Friday, March 20, 2009
Too Many Killings? by Chester Campbell
How much killin’ is enough? You expect to find murders in a murder mystery, but do some authors go overboard?
Lee Child is one who knows how to knock ‘em off with abandon. Jack Reacher and his antagonists can be counted on to dispatch up to a dozen or more in every book. Reacher does it with a bit of flair, killing in just about every way imaginable.
Robert B. Parker’s Spenser has been known to knock off a few bad guys, though he usually keeps it to a fairly low number. I seem to recall in Potshot, however, that Spenser and his crew stirred things up out in Arizona on a level that outdid the O.K. Corral guys by far.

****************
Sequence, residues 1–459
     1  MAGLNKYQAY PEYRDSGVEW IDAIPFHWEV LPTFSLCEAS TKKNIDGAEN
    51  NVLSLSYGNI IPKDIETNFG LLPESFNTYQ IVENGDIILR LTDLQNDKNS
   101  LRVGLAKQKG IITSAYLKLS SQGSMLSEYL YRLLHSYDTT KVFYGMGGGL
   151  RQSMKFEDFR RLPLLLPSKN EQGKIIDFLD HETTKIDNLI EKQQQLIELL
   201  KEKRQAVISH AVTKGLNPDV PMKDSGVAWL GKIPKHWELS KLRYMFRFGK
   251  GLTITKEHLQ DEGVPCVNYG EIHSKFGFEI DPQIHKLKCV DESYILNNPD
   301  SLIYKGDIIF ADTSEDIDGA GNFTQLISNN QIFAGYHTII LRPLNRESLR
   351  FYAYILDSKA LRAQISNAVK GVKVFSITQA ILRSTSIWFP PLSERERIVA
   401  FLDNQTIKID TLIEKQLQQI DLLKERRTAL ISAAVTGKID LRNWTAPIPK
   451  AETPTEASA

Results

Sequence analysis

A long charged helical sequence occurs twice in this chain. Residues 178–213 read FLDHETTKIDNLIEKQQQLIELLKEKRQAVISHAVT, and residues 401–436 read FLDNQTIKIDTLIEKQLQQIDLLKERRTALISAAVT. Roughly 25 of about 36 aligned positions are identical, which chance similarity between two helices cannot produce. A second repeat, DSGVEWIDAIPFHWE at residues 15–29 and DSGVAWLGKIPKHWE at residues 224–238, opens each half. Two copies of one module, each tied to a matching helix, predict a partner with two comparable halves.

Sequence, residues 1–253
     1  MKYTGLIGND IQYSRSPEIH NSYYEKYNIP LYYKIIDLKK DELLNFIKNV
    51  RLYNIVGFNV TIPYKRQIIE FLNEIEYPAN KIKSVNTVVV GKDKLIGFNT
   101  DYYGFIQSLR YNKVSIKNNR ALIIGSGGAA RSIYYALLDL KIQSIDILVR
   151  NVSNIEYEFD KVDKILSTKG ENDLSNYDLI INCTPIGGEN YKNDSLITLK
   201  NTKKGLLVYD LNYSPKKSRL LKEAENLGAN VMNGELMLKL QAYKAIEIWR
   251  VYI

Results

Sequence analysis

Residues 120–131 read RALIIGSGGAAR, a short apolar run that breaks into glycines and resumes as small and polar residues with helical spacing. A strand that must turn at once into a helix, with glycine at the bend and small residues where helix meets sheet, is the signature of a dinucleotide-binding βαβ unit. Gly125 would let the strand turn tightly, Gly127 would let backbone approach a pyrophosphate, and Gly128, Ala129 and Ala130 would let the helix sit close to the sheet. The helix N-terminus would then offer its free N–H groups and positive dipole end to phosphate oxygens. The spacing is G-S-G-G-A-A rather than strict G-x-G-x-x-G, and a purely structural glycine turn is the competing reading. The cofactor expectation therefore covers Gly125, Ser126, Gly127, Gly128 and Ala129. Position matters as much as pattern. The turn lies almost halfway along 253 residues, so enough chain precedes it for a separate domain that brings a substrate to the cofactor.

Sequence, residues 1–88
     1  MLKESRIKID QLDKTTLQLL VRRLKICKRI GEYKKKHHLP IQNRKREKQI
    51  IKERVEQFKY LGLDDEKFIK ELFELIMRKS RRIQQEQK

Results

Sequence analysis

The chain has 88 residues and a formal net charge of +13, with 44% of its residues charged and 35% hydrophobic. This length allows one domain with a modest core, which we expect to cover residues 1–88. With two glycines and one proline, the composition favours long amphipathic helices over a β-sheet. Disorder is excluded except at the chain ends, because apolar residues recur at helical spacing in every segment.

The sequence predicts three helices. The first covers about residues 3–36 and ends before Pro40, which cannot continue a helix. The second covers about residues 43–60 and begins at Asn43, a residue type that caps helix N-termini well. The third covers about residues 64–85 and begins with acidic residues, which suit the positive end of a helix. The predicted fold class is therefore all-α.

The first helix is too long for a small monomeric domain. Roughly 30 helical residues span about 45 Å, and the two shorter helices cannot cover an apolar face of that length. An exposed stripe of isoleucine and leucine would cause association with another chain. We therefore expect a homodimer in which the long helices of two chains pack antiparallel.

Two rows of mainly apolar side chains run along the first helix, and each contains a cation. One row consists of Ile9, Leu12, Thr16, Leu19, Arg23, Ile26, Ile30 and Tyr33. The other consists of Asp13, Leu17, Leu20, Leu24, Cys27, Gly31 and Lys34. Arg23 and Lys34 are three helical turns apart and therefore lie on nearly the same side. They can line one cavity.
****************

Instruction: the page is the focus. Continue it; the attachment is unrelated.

Of course, when the good guys are pulling the trigger, it isn’t murder, it’s self-defense. But sometimes, it seems, they can get pretty self-indulgent.
When the mystery involves a serial killer, it’s a given that there will be a string of bodies laid out all through the book. Some authors delight in giving us all the gory details of how it happens. But are we any more enlightened than when we only learn the basics of the slaughter from a detective’s perspective or an autopsy report?
I have described a few deaths in my books, but I keep the gory details to a minimum. How do you feel about killings in mysteries? Are there too many? Are they too graphic?